Waco (Twin Peaks) A Rider's View                                                               Report 1626 words
Copyright Nov 17
Howard R Music

In 1966 the Highway Safety Act was passed and congress soon tied the receiving of highway funds to the passage of motorcycle helmet laws by individual states. Avid motorcyclists were a rarity in those days, mostly young, and not an obvious voting threat to state politicians. Every state except California passed a mandatory helmet law. Oddly enough, during this period, the Hells Angels (little known outside of California) were receiving national press coverage over an alleged gang rape. Though the charges were dropped, the notoriety of motorcycle club members and the threats of legislation contrary to a two-wheeled lifestyle, would form a disastrous mix a half-century later in Waco, Texas.

By the early 1970s motorcyclists were organizing and challenging the validity of helmet laws. Started in California, ABATE is probably the most well known across the nation, the structure and tactics of the individual chapters at the state level varies considerably, so the term is essentially generic for a motorcycle rights' organization. Letter writing campaigns and occasional visits to elected representatives marked their earliest endeavors which were successful in many states as was the case in my native Texas.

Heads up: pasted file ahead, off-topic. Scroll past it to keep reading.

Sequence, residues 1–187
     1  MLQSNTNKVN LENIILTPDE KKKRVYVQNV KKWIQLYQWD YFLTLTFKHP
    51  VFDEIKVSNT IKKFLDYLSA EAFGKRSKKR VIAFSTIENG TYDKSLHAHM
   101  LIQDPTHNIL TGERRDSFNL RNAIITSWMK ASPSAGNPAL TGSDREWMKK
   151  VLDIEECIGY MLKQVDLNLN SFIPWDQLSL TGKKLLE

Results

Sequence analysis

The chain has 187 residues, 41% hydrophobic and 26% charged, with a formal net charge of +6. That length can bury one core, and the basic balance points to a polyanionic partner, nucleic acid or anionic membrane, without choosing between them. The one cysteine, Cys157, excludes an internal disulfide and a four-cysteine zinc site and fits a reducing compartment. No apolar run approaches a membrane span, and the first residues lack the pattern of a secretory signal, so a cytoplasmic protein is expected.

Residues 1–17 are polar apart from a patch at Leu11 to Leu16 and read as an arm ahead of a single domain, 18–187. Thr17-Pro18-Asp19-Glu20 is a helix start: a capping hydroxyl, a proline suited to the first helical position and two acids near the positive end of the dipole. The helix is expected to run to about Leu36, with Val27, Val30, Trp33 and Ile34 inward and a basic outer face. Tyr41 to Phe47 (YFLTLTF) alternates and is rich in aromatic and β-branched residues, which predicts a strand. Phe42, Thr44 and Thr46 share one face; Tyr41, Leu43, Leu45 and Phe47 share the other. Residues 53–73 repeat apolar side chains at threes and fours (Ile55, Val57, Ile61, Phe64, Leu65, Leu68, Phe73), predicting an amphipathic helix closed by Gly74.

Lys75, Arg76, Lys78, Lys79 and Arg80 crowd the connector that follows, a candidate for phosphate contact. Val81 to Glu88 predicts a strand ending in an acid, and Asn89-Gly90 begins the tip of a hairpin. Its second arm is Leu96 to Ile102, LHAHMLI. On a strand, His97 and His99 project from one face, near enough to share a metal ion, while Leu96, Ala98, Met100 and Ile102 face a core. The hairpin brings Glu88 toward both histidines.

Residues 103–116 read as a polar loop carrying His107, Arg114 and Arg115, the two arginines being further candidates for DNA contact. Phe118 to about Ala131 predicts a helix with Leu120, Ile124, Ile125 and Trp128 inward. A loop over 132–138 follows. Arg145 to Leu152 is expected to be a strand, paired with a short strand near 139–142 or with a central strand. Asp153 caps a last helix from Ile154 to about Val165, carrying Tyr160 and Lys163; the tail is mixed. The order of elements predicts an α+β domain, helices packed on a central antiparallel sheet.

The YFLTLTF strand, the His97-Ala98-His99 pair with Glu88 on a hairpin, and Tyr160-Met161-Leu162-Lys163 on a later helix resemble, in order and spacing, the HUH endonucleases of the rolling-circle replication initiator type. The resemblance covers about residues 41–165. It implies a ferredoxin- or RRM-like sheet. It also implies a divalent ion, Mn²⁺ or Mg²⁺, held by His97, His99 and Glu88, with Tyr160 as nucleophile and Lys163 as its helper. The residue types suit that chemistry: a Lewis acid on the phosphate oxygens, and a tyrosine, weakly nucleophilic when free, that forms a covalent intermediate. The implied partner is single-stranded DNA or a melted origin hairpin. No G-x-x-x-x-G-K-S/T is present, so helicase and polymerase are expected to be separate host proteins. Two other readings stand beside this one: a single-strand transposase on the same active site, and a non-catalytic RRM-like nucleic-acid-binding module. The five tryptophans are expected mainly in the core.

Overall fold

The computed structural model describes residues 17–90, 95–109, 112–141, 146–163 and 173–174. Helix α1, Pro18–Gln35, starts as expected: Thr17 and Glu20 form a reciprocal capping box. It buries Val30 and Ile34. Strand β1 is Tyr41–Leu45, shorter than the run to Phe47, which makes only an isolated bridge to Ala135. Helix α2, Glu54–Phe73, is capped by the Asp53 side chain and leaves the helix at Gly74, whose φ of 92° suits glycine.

However, bureaucrats are tenacious, and in the early 1980s the threat was reborn and a helmet bill was written in Austin. Riders hastily came together and started letter campaigns, often in a bar, the patrons lured by free keg beer. Flooded with paper the author withdrew the bill, however the respite didn't last long. Before the end of the decade Texas officials lost their fear of letter writing and irregular visits by leather clad aberrations and again passed a mandatory helmet law. The 1980s were tough on Texans. The collapse of the oilfield was a disaster economically and surviving left little time for keeping tabs on shenanigans at the capital.

Weary of never ending bureaucratic interference in their lives, in the 1990s Texas riders began experimenting with becoming delegates to the political conventions, citizen legislators, spurred on by the colorful and charismatic Sputnik, an Oklahoma Indian who had settled on the Texas coast. A veteran rider, Sputnik established the Texas Motorcycle Rights Association (TMRA2) and traversed the state rallying motorcycle rights' activists, club members, and independents. An eccentric, to say the least, with a deformed hand sporting only a forefinger and thumb (the result of a commercial fishing accident) a mohawk haircut, and a gravelly voice. But it was his bulldog perseverance with motorcycle rights that drew others to him. After renting office space in Austin, the man visited the capitol on a daily basis, lobbying senators and representatives.